Thoughts about immigration figures
Eleven years ago, in those “halcyon” pre-Blair years, and for as long as I can remember before that, when you left Heathrow after the rudimentary screening that they had in those days, you would present your passport to a government official. My memory of these men, for they were all men, is that they were British and they were not wearing any headgear nor speaking with an accent that would indicate their origin was other than Britain. They apparently kept track of who was leaving the country.
Immediately on Mr Blair’s arrival at 10 Downing Street, this check on departing passengers was done away with. Britain therefore had no idea of how many of its visitors were leaving.
After 7/7 the departure controls were temporarily reestablished. A multi-cultural force of men and women was in evidence at the Heathrow Terminals, and there was a great fanfare about the reestablishment of exit controls. This didn’t last long, and for the last several times that I have left Britain from Terminal 3, the most recent being today, there are no exit controls. The little pulpit-like stands where the Home Office functionaries were briefly installed with their laptops have been abandoned.
Without this check at Heathrow and other airports, it is hard to understand how the Office of National Statistics can be confident that 890,000 Britons left the country between 2001 and 2005 and 870,000 foreign-born nationals left Britain. Yet these were the statistics offered by ONS in a report to the House of Lords enquiry into the accuracy of migration data.
I know, and they know that we all know, that they have no idea how many people are really leaving the country and consequently how many people are staying. One thing we can be reasonably certain of is that the foreign-born population of our island nation grew by 1.4 million in the period 2001 to 2005. This is by far the greatest and fastest rate of growth in British history and does not include the children born to these recent immigrants.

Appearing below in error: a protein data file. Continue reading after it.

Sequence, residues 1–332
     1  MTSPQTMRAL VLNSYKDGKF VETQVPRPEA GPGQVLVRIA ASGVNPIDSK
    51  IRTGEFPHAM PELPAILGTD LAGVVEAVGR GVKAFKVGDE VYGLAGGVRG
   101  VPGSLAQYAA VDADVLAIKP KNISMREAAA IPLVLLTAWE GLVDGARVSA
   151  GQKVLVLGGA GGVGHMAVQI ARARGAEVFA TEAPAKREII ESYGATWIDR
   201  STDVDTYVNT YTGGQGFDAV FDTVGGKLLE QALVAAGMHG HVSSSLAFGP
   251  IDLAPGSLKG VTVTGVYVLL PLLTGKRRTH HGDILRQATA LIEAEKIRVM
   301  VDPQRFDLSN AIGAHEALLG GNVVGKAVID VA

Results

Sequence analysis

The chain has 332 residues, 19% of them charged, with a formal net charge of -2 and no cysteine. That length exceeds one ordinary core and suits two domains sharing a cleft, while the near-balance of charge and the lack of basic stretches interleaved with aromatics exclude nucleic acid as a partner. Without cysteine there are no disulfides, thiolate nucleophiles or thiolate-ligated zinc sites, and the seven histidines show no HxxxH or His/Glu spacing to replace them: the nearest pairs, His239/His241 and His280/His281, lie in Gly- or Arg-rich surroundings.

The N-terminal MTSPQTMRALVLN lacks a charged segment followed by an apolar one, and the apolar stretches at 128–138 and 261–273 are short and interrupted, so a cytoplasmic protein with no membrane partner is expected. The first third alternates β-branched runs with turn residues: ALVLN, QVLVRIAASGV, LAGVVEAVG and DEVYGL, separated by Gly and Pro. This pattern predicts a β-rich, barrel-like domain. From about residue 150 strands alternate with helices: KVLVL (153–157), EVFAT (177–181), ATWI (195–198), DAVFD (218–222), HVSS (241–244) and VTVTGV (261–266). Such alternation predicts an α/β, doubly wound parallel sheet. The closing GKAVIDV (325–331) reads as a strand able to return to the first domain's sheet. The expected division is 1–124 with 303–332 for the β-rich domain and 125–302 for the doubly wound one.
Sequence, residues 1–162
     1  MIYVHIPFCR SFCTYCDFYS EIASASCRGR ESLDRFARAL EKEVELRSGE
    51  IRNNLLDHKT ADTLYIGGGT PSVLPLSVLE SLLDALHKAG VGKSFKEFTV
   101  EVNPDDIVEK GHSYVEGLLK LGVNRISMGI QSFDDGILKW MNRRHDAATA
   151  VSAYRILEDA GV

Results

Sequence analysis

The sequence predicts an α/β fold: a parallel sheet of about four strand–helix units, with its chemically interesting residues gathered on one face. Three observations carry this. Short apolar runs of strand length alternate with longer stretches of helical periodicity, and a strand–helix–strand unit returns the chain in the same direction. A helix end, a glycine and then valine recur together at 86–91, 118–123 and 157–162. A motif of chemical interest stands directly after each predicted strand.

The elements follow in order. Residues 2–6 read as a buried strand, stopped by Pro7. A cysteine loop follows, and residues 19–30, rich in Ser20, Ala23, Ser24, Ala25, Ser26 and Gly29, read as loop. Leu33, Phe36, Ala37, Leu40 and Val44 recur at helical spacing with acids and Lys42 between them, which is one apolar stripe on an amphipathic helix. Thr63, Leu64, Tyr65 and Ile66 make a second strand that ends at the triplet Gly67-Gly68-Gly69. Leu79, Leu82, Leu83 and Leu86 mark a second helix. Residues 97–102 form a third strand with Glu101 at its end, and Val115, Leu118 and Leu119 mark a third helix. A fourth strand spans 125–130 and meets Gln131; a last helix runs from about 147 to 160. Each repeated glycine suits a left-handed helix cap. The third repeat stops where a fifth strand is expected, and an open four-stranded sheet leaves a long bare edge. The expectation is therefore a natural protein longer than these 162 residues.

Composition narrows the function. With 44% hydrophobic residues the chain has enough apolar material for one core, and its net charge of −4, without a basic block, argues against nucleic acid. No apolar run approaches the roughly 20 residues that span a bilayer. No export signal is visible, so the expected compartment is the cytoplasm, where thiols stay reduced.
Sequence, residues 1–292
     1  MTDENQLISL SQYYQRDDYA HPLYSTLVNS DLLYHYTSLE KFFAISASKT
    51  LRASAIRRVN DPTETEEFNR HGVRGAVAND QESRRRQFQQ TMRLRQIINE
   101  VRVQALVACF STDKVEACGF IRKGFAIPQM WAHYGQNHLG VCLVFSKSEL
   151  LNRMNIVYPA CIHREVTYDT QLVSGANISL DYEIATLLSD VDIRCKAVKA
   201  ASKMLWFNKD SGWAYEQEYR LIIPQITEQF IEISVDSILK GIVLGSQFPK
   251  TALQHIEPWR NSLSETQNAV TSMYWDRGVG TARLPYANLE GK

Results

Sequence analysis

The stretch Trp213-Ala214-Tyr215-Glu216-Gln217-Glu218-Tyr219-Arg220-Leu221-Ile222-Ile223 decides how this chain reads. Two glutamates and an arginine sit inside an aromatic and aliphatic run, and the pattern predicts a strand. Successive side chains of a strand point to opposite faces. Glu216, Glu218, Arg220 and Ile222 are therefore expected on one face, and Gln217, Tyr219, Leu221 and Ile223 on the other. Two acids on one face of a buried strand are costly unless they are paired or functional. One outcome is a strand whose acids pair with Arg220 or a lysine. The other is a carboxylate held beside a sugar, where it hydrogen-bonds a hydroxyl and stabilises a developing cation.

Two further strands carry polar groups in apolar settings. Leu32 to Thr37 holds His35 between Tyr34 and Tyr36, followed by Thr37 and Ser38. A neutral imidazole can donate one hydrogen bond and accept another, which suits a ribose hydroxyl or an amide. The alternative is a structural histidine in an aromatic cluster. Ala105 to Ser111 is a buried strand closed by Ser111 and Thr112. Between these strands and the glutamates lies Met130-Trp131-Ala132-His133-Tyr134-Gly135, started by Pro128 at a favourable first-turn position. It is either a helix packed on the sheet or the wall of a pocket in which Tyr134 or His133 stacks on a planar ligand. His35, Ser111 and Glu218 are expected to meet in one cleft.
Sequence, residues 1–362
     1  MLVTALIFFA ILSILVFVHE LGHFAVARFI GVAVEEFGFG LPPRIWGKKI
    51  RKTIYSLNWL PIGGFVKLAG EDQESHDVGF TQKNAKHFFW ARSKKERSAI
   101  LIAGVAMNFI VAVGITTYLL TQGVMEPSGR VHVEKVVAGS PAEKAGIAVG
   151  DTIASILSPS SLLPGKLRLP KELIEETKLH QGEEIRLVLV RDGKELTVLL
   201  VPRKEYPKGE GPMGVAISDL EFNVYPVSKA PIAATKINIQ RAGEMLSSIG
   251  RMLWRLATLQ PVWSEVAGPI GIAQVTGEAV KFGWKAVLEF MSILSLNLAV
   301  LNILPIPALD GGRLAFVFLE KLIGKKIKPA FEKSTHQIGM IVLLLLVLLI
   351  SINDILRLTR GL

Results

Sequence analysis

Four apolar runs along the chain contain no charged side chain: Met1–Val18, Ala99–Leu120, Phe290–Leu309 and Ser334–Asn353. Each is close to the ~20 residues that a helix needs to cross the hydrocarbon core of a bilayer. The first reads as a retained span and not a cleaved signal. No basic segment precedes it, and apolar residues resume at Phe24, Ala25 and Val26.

Much of this immigration has come from the EU. Without leaving the EU we will be able to do nothing to control this. The immigration that worries many people even more is from countries outside the EU. Here again we are hamstrung by our membership of the EU and the Human Rights Act, a prerequisite of membership of the EU, and certain EU directives. We are simply unable to bid a graceful farewell to people from outside the EU.
One area where my reading of the rules indicates that we could influence this situation is in prohibiting the importation of child-brides, particularly from Muslim countries and particularly from Pakistan.
Britain is the most densely populated major country in Europe, and yet not one of the three main parties has addressed the question of immigration. At its recent conference the UK Independence Party proposed a ban on immigration for five years. We await the details.
It is certainly worth discussing.
We have noted the contributions of people who came to Britain from abroad, loved the good they found, and increased it.
Negatives of unrestricted immigration include overcrowding of hospitals and schools, overcrowding and overbuilding of cities and towns and the countryside, pollution, the dilution of the British way of life, and the increase of crime and disease. These indicate that discussion over who entered Britain and who left it would be welcomed.